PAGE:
February 22, 2020
by Taylor Ashworth, Senior Associate
Congress enacted Title VII of the Civil Rights Act of 1964 (“Title VII”) to make protected characteristics, including sex, irrelevant to employment decisions. Compliance with Title VII requires employers to evaluate employment applicants on their merits rather than their sex. In Price Waterhouse v. Hopkins, the United States Supreme Court established that employment discrimination based on an individual’s non-conformance to sex-based stereotypes violates Title VII.
In Hopkins, the Court found that an employer had denied a female employee a promotion because the employee did not conform to expected female stereotypes due to her apparent masculinity. In its analysis, the Court quoted one of its earlier decisions, stating, “[i]n forbidding employers to discriminate against individuals because of their sex, Congress intended to strike at the entire spectrum of disparate treatment of men and women resulting from sex stereotypes.” In accordance with congressional intent, the Supreme Court in Hopkins concluded that the employer violated Title VII.
In addition to discrimination on the basis of sex, circuit courts—via an extension of the Hopkins Court’s reasoning—have extended Title VII to prohibit discrimination based on gender identity. The Supreme Court has never held that discrimination against someone because he or she is transgender constitutes discrimination “on the basis of sex” within the language of Title VII. The high court’s silence on the issue is, however, coming to a close, as the Court is set to deliver the long-awaited answer this Spring in connection with R.G. & G.R. Harris Funeral Homes Inc.
II. G. & G.R. Harris Funeral Homes Inc. Background
In October 2019, the Supreme Court heard oral arguments in R.G. & G.R. Harris Funeral Homes Inc. v. Equal Employment Opportunity Commission. The case involved Harris Funeral Homes (“Harris Homes”) firing a transgender female employee, Aimee Stephens. Stephens was born biologically male and presented as a male until five years after her employment began in 2007. After battling gender dysphoria for years, Stephens began to identify as a woman and soon after shared her intent to undergo sex reassignment surgery to become a woman in a letter to Harris Homes. In the letter, Stephens stated that before having the surgery, she must live and work full-time as a woman for one year.
Harris Homes enforced a written, sex-specific dress code requiring male employees to wear suits and ties and female employees to wear skirts and business jackets. Stephens was aware of Harris Homes’s dress code and planned to comply with the dress code by wearing a skirt and business jacket during the one year prior to her surgery. Weeks after the letter to Harris Homes, but before Stephens began dressing as a woman, Harris Homes terminated Stephens. Funeral home director Thomas Rost expressed concern that Stephens coming to work dressed as a female would distract its clients and, therefore, was unacceptable. Rost stated that Stephens was terminated because of her refusal to wear the prescribed uniform and intent to violate the dress code while at work.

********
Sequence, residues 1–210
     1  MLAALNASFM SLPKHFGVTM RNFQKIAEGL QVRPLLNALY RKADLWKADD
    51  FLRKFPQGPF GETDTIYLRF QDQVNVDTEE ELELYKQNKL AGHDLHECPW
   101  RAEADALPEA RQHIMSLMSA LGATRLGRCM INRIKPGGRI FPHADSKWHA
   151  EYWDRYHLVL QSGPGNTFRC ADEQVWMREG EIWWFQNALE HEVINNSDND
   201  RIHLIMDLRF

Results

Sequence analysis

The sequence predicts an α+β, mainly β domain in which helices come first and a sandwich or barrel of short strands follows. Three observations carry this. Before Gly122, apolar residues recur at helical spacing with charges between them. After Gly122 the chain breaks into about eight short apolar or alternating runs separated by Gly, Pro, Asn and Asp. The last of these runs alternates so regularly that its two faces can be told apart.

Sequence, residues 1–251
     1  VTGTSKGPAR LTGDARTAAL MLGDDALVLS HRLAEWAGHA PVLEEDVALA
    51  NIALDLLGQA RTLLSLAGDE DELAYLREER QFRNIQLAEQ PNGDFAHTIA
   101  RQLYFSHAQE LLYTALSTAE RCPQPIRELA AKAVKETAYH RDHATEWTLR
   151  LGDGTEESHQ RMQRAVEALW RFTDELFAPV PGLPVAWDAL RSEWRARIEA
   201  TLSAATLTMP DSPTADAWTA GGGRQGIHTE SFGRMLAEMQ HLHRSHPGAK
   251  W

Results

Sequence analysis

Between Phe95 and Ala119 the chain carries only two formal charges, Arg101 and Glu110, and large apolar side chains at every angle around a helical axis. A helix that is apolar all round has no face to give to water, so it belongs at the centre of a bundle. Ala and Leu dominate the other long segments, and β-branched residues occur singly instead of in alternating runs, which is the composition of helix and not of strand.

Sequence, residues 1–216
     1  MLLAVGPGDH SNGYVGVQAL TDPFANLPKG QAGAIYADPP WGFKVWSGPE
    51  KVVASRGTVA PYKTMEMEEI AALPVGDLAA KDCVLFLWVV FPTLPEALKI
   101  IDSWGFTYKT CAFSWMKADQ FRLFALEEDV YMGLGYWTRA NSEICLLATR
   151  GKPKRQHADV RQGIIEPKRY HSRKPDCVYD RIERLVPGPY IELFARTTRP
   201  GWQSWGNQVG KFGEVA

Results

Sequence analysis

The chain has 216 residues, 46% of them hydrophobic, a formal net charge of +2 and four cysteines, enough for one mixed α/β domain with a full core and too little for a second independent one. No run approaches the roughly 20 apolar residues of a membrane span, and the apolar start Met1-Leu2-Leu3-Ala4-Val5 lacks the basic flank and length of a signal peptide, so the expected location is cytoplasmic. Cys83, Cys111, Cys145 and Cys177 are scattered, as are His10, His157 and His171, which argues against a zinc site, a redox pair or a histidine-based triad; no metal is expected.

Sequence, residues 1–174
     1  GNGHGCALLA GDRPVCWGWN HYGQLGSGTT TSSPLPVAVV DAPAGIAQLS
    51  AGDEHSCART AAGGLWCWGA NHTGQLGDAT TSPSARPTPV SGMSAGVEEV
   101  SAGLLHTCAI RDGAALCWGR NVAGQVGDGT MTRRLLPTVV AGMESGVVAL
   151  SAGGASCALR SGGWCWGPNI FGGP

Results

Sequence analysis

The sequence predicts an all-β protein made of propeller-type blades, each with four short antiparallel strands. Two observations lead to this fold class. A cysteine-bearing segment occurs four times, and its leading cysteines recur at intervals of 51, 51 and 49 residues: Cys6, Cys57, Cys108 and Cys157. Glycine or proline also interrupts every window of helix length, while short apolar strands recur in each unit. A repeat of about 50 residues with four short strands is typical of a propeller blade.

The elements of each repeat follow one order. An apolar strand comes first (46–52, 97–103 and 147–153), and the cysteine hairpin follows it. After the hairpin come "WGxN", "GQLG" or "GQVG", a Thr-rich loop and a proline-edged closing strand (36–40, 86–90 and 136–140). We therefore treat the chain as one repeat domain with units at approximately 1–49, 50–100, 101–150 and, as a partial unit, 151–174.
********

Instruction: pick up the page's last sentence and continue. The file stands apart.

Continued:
Following her termination, Stephens filed a charge with the Equal Employment Opportunity Commission (EEOC), asserting that she was terminated due to “sex and gender identity.” The EEOC has held that intentional discrimination against a transgender individual because of that person’s gender identity is discrimination based on sex and therefore violates Title VII. Confirming this holding once again, the EEOC found reasonable cause to believe that Harris Homes had discharged Stephens based on sex and gender identity in violation of Title VII. The EEOC filed suit on behalf of Stephens, alleging that Harris Homes had fired Stephens for the following reasons: “Because Stephens is transgender, because of Stephens’s transition from male to female, and/or because Stephens did not conform to [Harris Homes’s] sex- or gender-based preferences, expectations, or stereotypes.”
III. The District Court and Sixth Circuit Decisions
The district court for the Eastern District of Michigan denied Harris Homes’s motion to dismiss. The court stated that because “transgender or transsexual status is currently not a protected class under Title VII,” the EEOC’s Title VII suit could only proceed on a theory that Harris Homes had engaged in improper “sex-stereotyping.” “Sex stereotyping is when one has a predetermined opinion about how “someone should be, act, or behave on the basis of that person’s sex.” Following discovery, the district court granted summary judgment in favor of Harris Homes. In doing so, the court rejected Harris Homes’s view “that its enforcement of the sex-specific dress code did not constitute impermissible sex stereotyping.” The court still granted the motion based on Harris Homes’s exemption from Title VII based on other grounds. The EEOC appealed, and the Sixth Circuit Court of Appeals reversed.